IRS knows it has to do it right this time

IRS knows it has to do it right this time

Al Mazei is managing the IRS' modernization effort. The Treasury Department agency in December recommitted itself to upgrading its antiquated tax system by awarding the 15-year Prime contract'potentially worth $5 billion'to Computer Sciences Corp.

Mazei, assistant commissioner of the Program Management and Architecture Office, manages the cost and technical aspects of the modernization initiative. He is a principal adviser to chief information officer Paul Cosgrave.

The decision to hire a vendor to oversee the effort represents a dramatic change in the mind-set of tax agency officials. A few years ago, officials viewed the project as an agency-run effort. But after spending 10 years and $4 billion, the IRS saw little noticeable improvement and was attracting intense congressional scrutiny.

Mazei joined the IRS last year. Before that, he was a senior vice president and the CIO at BTG Inc. of Fairfax, Va., where he led the company's internal information systems organization.

He has a bachelor's degree in engineering physics with a nuclear elective from Ohio State University and a master's degree in public administration with a concentration in information systems from Auburn University.

GCN staff writer Frank Tiboni interviewed Mazei during a conference in Vienna, Va.


GCN:'Does the IRS have the expertise to manage the Prime contract?

MAZEI: The IRS does, in fact, have the expertise to manage the contract. It was part of what commissioner Charles Rossotti has started doing, which is bringing in expertise from the outside. He has also put extensive emphasis on training and working very closely with Computer Sciences Corp. for knowledge transfer.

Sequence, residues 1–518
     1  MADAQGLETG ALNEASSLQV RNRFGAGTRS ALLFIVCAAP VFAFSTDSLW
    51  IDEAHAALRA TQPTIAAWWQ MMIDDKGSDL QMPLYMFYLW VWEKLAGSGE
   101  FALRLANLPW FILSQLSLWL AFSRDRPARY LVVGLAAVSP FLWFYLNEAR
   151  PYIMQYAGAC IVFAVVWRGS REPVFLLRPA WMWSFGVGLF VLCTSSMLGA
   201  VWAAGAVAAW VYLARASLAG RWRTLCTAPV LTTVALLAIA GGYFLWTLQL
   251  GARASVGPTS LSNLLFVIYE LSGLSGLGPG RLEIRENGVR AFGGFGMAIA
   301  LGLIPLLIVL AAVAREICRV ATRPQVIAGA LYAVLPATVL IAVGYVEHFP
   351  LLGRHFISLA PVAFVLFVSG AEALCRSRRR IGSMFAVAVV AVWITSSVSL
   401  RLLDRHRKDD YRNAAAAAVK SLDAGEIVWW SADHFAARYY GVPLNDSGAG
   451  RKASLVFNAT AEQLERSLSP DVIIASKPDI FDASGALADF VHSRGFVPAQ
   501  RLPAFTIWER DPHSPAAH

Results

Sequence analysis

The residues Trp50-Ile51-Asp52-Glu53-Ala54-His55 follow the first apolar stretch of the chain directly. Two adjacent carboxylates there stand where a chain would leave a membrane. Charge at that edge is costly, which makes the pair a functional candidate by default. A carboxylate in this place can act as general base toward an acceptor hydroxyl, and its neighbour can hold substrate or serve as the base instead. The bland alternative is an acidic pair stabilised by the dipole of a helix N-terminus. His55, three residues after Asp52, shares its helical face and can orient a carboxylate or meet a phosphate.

We are doing an awful lot in the building of additional knowledge within our organization so that as we move forward, we will be thoroughly capable of doing everything necessary to manage the process.

GCN:'Can you give a few more details?

MAZEI: There has been a governance process put in place from the highest part of the organization. We have the Core Business Systems Executive Steering Committee, chaired by the commissioner, and it consists of the senior heads of the organization. The committee oversees everything we do.

My organization provides staff work to the committee, bringing in front of them all the different tasks we're planning. The committee reviews the details of the plans and gives approval.


WHAT'S MORE
  • Family: Wife of 30 years, two daughters
  • Leisure activities: Golf, woodworking
  • Favorite Web site: www.irs.ustreas.gov


We quickly saw that the amount of work that was going to be necessary would require a lot of time by the committee. So we put in place subcommittees to oversee major portions of the work. Any piece of work being contemplated, or that happens, goes through multiple reviews before it gets the approval to move forward. That's a significant process already in place.

We also put in place a program management office that is a mirror to the same type of an organization that the Prime contractor has put in place. This lets us manage the overall process and integrate the process completely across the IRS.